A psychiatric nurse has launched a legal bid to stop the NHS prescribing “experimental” puberty blockers and cross-sex hormones to children wishing to undergo gender reassignment.
Susan Evans will take on the Tavistock and Portman NHS trust, which runs the UK’s only gender identity development service (GIDS), at the High Court this week.
Ms Evans said that while she was working at the trust she became increasingly concerned that young children were being given “experimental treatment” without adequate assessment.
She also accused gender-diverse support groups of having undue influence on what happens at the clinic.
Her lawyers will argue that the provision of puberty blockers and cross-sex hormones at the clinic to under-18s is illegal as children cannot give valid consent to treatment.
Ms Evans said: “I just couldn't see that enough psychological work had been done with the children.
“I used to feel concerned it was being given to 16-year-olds, but now the age limit has been lowered and children as young as perhaps nine or 10 are being asked to give informed consent to a completely experimental treatment for which the long-term consequences are not known.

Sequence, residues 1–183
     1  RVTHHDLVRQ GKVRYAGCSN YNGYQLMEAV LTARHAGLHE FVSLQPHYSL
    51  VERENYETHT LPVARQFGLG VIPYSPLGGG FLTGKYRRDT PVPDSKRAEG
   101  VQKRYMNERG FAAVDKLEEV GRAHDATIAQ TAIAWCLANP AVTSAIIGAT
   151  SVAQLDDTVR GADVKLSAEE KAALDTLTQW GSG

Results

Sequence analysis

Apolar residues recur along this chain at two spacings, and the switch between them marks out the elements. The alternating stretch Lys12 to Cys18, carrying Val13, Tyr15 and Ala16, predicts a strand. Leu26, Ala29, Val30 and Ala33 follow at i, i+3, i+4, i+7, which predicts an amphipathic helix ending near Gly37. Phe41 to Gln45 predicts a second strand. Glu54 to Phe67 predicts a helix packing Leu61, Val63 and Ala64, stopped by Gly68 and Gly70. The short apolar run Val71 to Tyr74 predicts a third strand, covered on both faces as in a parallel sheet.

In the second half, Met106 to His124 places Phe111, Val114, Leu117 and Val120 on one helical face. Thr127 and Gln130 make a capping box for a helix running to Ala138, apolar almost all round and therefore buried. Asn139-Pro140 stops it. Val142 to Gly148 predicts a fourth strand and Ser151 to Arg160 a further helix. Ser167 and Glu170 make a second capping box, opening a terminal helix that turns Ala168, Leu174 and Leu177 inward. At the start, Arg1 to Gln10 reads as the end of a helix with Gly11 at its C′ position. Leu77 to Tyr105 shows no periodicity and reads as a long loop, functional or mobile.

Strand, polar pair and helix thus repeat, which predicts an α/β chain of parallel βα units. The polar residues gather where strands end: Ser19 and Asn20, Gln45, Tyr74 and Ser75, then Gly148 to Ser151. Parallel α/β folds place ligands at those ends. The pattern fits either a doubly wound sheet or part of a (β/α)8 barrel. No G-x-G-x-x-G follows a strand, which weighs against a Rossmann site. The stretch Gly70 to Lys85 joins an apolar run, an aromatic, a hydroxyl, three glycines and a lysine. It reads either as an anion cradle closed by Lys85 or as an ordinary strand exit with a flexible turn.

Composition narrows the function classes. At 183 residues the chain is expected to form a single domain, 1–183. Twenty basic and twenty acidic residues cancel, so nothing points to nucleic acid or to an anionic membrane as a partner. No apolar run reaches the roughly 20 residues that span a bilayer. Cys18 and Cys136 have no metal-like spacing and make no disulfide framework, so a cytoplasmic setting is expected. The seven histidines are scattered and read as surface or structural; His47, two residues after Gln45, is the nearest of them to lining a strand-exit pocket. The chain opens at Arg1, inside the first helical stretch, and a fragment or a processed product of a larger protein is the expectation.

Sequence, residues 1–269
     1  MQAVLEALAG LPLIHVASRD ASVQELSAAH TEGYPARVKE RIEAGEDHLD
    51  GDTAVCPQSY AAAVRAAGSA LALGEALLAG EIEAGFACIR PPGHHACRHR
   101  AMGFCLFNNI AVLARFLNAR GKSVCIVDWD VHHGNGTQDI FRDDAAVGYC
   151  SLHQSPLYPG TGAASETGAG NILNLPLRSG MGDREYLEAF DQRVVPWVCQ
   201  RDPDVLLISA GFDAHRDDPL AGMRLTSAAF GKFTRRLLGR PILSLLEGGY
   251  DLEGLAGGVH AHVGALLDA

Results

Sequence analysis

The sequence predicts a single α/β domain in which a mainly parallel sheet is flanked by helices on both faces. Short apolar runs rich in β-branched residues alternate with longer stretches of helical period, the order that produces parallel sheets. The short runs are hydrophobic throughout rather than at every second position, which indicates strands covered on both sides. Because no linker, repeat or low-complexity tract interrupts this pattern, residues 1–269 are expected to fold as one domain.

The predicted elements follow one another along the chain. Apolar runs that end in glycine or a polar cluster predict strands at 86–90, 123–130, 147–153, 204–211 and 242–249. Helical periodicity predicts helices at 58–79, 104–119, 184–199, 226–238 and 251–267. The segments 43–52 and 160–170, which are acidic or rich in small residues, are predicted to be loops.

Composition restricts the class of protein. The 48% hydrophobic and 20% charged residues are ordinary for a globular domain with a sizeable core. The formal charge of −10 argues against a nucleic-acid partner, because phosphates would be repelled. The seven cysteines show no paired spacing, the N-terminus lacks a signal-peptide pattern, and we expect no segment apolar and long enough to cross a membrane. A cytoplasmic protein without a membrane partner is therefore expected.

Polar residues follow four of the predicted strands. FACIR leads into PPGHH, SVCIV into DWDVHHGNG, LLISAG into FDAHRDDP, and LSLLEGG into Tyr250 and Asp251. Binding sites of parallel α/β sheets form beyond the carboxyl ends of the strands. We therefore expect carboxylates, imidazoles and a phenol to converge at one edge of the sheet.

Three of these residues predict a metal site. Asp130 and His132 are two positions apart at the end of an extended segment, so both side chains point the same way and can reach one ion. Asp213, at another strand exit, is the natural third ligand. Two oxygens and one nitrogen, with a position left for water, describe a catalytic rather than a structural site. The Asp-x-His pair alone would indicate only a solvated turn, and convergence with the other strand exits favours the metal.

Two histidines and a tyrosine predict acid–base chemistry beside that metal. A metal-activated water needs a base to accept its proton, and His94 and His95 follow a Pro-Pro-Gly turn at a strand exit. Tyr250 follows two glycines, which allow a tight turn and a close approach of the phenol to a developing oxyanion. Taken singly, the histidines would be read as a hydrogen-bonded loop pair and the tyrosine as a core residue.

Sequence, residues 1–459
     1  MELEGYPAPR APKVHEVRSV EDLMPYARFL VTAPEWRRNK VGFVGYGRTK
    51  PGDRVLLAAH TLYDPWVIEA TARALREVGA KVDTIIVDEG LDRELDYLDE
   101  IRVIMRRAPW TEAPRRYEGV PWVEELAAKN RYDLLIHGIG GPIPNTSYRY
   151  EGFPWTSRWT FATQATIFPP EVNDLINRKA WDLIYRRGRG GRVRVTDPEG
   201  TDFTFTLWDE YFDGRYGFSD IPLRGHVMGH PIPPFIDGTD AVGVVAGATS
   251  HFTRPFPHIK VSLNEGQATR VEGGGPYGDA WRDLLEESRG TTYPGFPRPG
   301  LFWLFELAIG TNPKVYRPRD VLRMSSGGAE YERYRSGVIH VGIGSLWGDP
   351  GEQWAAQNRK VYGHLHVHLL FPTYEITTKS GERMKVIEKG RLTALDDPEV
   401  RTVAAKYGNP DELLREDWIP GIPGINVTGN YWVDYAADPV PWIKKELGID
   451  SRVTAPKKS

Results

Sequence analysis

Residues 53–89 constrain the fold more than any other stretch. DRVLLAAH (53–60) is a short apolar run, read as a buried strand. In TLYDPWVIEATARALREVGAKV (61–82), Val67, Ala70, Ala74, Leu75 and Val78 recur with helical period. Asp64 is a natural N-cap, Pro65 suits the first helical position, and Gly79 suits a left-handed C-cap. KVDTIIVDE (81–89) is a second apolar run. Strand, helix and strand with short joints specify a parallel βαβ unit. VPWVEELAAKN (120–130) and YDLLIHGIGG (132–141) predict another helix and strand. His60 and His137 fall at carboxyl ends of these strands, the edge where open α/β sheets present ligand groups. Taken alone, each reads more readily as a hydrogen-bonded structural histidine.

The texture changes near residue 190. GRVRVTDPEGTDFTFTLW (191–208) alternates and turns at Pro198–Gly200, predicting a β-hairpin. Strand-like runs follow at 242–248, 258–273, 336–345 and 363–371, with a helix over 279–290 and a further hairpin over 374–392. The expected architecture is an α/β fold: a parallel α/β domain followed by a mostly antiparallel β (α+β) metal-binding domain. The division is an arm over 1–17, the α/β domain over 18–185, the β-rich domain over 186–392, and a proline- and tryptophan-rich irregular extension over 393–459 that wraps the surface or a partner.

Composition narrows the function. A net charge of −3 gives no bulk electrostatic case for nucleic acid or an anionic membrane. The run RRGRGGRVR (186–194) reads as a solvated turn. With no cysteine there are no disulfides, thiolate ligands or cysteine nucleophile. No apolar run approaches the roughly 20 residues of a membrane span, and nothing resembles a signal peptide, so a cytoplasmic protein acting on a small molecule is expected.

“The Tavistock will say the effects are fully reversible but the truth is nobody knows that for sure.”
The case is also being brought forward on behalf on “Mrs A”, whose 15-year-old autistic daughter is currently on the waiting list for treatment at the Tavistock.
Mrs A said she had “deep concerns” that her daughter would be subjected treatment with “insufficient safeguards, where her autism will not be properly accounted for”.
A spokesman for the Tavistock said the service had an “international reputation for being cautious and considered”.
He added: “NHS England monitor our service very closely. The service has a high level of reported satisfaction and was rated good by the Care Quality Commission.”
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